Many different things can give me the initial idea for a story – a conversation, a character’s personality, a particular place …
In the case of Holding Back, it was definitely the place. I visited northern Portugal a couple of times a few years ago, and my memories of those holidays stayed with me until I came up with the characters and plot to go with them.
When I eventually came to write the story, luckily I didn’t have to rely solely on memory, as I’d made notes soon after I came back from my visits. I did, however, take advantage of the internet just in case some of the places I mention in the book had altered dramatically. Talking of which … the photos here are from a while ago and the views may have changed a little since, so don’t all write in at once! 🙂
Laura, the heroine of Holding Back, helps out at her friends’ hotel in the Costa Verde region of northern Portugal every summer. Several miles from the town of Viana do Castelo, the hotel is fictitious – of course – but this is how you could imagine it (and yes, that is a younger me in the pic!)
As he stood looking out from the doorway of his room at the perfectly kept lawns stretching down to where the small pool and terrace lay still and quiet, the paths bordered by fruit trees with grapevines clambering overhead to provide a shady tunnel, the rustic stone buildings so pleasing to the eye, he couldn’t be sorry. This was a spectacular setting, and he was already hoping his stay here would ultimately bear fruit.
A trip north to Valença near the Spanish border starts off badly for our couple after an argument, but they’re soon charmed by the wonderful views:
Heading towards the walls of the old fortress town without waiting for him, she scrambled up a nearby slope to gaze out over the surrounding countryside—a calming view of green fields with the darker green of wooded hills in the distance. She watched as a train rumbled across the railway bridge spanning the Minho River. The backdrop of white buildings with red tile roofs was appealing in the bright sunshine. It was peaceful and quiet here, away from the bustle they would find in the town, and Laura flopped down on the grass to take it all in, grateful to be out of the oppressive confines of the car. Daniel kept his distance, wandering along the granite ramparts a little way to look at the view.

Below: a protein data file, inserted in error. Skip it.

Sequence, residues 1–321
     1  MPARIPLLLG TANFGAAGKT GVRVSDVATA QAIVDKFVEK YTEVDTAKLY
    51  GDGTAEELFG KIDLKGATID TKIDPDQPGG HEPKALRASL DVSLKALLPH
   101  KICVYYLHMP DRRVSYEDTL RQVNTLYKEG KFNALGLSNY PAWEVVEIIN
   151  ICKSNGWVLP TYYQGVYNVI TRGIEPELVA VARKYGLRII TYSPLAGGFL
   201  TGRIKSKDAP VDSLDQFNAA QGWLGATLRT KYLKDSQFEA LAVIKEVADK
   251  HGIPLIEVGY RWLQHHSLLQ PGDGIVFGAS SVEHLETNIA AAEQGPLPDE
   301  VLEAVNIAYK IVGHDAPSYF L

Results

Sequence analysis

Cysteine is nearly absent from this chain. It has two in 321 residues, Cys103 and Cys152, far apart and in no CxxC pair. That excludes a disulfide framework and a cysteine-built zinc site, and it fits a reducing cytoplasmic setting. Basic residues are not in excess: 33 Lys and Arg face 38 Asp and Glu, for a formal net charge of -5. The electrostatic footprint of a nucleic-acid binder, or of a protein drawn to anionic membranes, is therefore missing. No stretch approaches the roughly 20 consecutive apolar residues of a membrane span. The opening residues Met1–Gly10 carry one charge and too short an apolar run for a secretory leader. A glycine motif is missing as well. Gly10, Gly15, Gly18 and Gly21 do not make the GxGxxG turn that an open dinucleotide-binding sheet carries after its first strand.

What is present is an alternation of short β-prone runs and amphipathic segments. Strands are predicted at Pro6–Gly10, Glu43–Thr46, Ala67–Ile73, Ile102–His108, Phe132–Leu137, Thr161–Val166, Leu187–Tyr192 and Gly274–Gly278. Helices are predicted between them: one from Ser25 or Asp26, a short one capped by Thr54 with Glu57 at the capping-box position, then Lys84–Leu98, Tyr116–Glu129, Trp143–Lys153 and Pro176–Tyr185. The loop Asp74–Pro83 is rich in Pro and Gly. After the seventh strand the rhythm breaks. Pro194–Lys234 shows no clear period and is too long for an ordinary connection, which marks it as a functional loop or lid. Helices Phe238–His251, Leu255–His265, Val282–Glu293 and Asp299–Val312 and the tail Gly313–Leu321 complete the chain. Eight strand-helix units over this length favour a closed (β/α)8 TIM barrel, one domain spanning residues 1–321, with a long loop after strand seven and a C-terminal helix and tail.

As they get to know each other better, Laura begins to realise how much travelling Daniel does for his work and how jaded he has become with it, so she decides to show him something different:
“What on earth are those?” he asked her, dumbfounded.
“They’re called espigueiros. Come on.” She led him nearer to the large outcrop of granite, upon which were built a sizeable huddle of . . . well, he didn’t know what. They looked like rectangular stone sarcophagi on stilts, with wooden doors, narrow slits in the sides, and some had crosses on top.
“Espi-what?” He got closer, trying to work out what they were.
Laura laughed. “They’re grain stores. Nowadays they tend to hold corn more than anything. They were …”
“Bom dia!” An old lady dressed in black hobbled towards them, a large and relatively toothless smile on her face.
“Bom dia!” Laura replied, pointing at the espigueiros and beginning a conversation Daniel couldn’t hope to understand. The old lady spoke at a hundred miles an hour, but Laura kept up, translating for him while the lady patiently waited her turn again. “She says they’re built on pillars to keep the rats out, and they’re made of stone because it doesn’t get damp.” The old woman pointed out the features as she talked on. “The slits in the sides are so narrow to allow air to circulate but not let rats, mice, or birds in. They’ve been here for generations.”
The old woman gestured for them to follow her, leading them between the stone structures to one in particular. She opened the wooden door to show them the heap of corncobs inside.
Who could resist a coffee in the square in the coastal town of Caminha? Certainly not Laura …
“How long have we got?” she asked.
“Longer than we would have if I hadn’t broken the speed limit,” he answered wryly. “Relax. We have half an hour. Enjoy.”
She seemed to take him quite literally. Her shoulders dropped, she half closed her eyes against the sun, and watched people bustling about the square as though it was the best movie in the world.
Daniel tried to follow suit. He could see why she liked it here. A square with cafés, trees, a large stone fountain, whitewashed buildings with stone trim and red tile roofs . . . he could sit here for hours, given half the chance.
And what better place for an evening picnic than high above the town of Viana do Castelo, with the Santa Luzia church behind and a view over the town and waterfront?
They lapsed into a comfortable silence, enjoying the delicious picnic and gazing out over the town beyond the tree-covered hillside. It was getting dark and lights were coming on, giving the view a magical quality. The dark bulk of the Santa Luzia basilica loomed behind them with its huge round windows and dome. Apart from the odd couple out for a walk, there were few people around.
If all this hasn’t tempted you to visit Portugal sometime, I can tell you that the people are friendly, the countryside is beautiful, the architecture is fantastic and the language has a softly hypnotising lilt to it. Northern Portugal is less visited than the area round the capital Lisbon or the popular holidays spots further south in the Algarve – so it’s ideal if you want an authentic taste of the country.
And if you haven’t the time or inclination to travel there despite my trying to tempt you, you can always take a virtual trip with Laura and Daniel 🙂
Holding Back is available from: